Wednesday, 1 December 2021

The Battle of Zwettl – The Game

I have to confess that I was pretty confident going into this game that the French would be able to hold off the Allies whilst gaining at least one of the VP locations. In hindsight I’m not quite sure why I thought this when I had neither cavalry or skirmishers in my force and only one artillery battery. As you will have guessed it didn’t go well for the French!

The French get off to a good start with four infantry columns pushing forward towards the VP locations.
Likewise, the Allies are making a general advance.

As Poniatowski's troops crest the central hill they start to come under fire from the Austrian artillery and a group of rifle-armed Jagers on their flank.

Eugene's lads are nearly at the VP location to their front but the unit of Brunswick Hussars on the hill opposite are well placed to make a charge against them.

The Brunswickers draw sabres while their escorting Foot Battery prepares to unlimber.

In the centre of the field the 51st Gabriel Spleny Regiment is advancing in line supported by the Toskana Dragoons.

I chose to keep the Nassau Grenadiers in reserve to protect my lone battery but perhaps this wasn't such a smart move as it left the flank of the 8th Poles exposed.

Eugene had no choice but to order his two Battalions into square and the Brunswick artillery immediately took advantage of such a lovely dense target.

The 8th Poles were taking increasingly heavy casualties including losing their Colonel, so Poniatowski was obliged to step in personally to shore up a rather rocky morale throw.

The Jagers continued to pop away unhindered as I had no skirmishers of my own to counter them. The supporting Austrian Hussars were snuggly out of line-of-sight of my battery.

This is how things looked after 4 turns. The 8th Poles (outlined in yellow) are now disordered.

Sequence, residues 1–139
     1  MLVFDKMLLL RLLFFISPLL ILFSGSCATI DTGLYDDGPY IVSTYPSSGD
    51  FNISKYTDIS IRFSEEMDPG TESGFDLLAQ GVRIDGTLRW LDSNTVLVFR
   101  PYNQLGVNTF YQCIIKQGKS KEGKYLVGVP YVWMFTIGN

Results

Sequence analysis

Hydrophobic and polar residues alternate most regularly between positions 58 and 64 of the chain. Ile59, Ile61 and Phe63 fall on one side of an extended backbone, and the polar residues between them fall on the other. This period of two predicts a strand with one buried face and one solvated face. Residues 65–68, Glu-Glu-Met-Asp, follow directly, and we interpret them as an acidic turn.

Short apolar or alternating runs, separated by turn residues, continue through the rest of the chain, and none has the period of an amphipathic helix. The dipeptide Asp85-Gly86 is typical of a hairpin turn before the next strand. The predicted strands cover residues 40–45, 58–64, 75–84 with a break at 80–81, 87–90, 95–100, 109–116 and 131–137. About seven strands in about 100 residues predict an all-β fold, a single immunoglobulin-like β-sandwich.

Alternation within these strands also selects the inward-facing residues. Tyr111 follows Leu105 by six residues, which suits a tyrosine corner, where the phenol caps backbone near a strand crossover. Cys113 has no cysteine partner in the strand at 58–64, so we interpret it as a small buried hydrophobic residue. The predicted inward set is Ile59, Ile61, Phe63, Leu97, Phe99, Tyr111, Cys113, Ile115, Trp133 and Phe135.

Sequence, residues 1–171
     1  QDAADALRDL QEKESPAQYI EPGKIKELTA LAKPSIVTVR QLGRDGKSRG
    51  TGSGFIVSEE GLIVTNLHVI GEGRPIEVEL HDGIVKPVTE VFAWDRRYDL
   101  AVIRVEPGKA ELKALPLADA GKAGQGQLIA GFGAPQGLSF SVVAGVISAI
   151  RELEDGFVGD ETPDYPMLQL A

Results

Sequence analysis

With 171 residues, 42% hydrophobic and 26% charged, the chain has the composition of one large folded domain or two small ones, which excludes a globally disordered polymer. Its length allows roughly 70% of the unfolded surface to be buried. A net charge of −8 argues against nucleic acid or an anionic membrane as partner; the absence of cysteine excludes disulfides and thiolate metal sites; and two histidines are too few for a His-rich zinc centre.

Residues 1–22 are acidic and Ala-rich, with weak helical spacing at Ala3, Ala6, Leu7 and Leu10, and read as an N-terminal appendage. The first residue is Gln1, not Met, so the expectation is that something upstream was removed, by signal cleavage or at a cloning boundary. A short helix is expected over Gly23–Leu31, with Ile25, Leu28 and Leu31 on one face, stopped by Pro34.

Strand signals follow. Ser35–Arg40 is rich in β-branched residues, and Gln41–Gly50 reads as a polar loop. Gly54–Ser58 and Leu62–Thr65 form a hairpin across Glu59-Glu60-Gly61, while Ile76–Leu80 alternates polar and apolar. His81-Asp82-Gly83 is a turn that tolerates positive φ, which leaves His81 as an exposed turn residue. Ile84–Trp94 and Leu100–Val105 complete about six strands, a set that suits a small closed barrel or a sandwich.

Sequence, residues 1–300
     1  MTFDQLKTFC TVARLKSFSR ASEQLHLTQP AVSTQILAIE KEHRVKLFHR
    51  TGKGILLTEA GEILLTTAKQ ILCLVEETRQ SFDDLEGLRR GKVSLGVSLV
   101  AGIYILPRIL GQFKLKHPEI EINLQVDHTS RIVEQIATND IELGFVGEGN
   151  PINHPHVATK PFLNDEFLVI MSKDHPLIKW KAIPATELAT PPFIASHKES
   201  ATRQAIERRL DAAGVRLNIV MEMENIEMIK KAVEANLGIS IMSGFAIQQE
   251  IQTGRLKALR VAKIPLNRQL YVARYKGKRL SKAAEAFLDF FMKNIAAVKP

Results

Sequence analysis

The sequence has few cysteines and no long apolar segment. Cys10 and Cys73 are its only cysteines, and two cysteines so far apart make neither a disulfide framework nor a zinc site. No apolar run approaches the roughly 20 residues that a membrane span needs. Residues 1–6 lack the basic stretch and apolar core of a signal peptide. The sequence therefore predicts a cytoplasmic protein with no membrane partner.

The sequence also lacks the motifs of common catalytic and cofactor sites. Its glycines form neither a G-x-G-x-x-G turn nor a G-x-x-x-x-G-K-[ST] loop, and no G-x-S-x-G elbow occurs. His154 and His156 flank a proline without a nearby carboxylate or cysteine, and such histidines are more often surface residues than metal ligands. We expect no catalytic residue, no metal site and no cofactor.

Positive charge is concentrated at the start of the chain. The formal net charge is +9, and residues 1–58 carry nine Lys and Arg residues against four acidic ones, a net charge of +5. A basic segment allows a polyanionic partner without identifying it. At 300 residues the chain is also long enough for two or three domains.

The centre viewed from the Allied side. The Brunswick Leib-Battalion is pouring fire into Eugene's squares while the Spleny's exchange volleys with the 4th Swiss.

Unsupported, and with their Colonel down, Poniatowski tries to steady the wavering Swiss with unfortunate consequences. On the plus side there will be no swimming in the Elster for him.

The Swiss and the Spleny's slog it out with some sharp musketry.

Eugene's squares are snookered - they cannot advance because of the Brunswick Hussars but their dense formation is causing casualties to mount up and morale to become shaky.

The Swiss have had enough and head for the rear - who can blame them?

Seeing that the Combined Voltigeurs have become disordered the Brunswick Hussars seize the moment and charge with predictable results.

The Austrian Hussars move up to take the second VP location.

The situation at the end of play (Turn 8). The total game VP's were 16 to zero in favour of the Allies - some might call that a crushing defeat for the French!

Eugene ponders his future in the Grande Armee.

Of course the Austrian Press couldn't resist putting out this special edition. I must say that the chocolate does sound quite yummy.

Under the Campaign Rules Eugene must now retire back to the town he came from (Karstiff) and Poniatowski’s old Division must go with him although it will not be able to take part in any offensive action until a new leader arrives from HQ to take command.

Rob gets a total of 6 Campaign VP’s (5VP’s for winning the battle and 1VP for destroying my Combined Grenadier unit).


Rob said...

It really didn't seem to be the French Army's day - they surely must've thrown some dodgy dice for morale and shooting? I suspect they were dazzled by those Austrian Dragoons who look absolutely stunning.

Wellington Man said...

I can't help feeling that if you'd kept all your men in line you would have shot those Austrians to pieces!

Aly Morrison said...

A lovely looking game indeed…
It would appear that cavalry isn’t just there to look pretty… although it does look very pretty.

All the best. Aly

David said...

A tough nut for the French to crack with all of the hills for the Austrian and Prussian cavalry to shelter behind and fire lanes for the allied artillery. Of course this may be your plan to lure the allies into an ill-conceived advance into the waiting jaws of a French trap...

A beautiful game and a fun read. Thanks Ian!

the Archduke said...

Those Frenchies would never stand in line against proper German cavalry. It does look to have been a tad courageous of Eugene. Poor old Poniatowski.

Matt said...

I must say when i first saw the troops involved I expected a French walkover.

Good to see the newly recruited units did not turn and run to protect their lovely new paint jobs!

'Lee. said...

Wonderful stuff once again and the photo narrative works very well. Troops of course are stunning.

Wargamer Stu said...

Nice to see the Swiss making an appearance - always liked the red / sky blue combination

Stryker said...

Thanks for the comments chaps!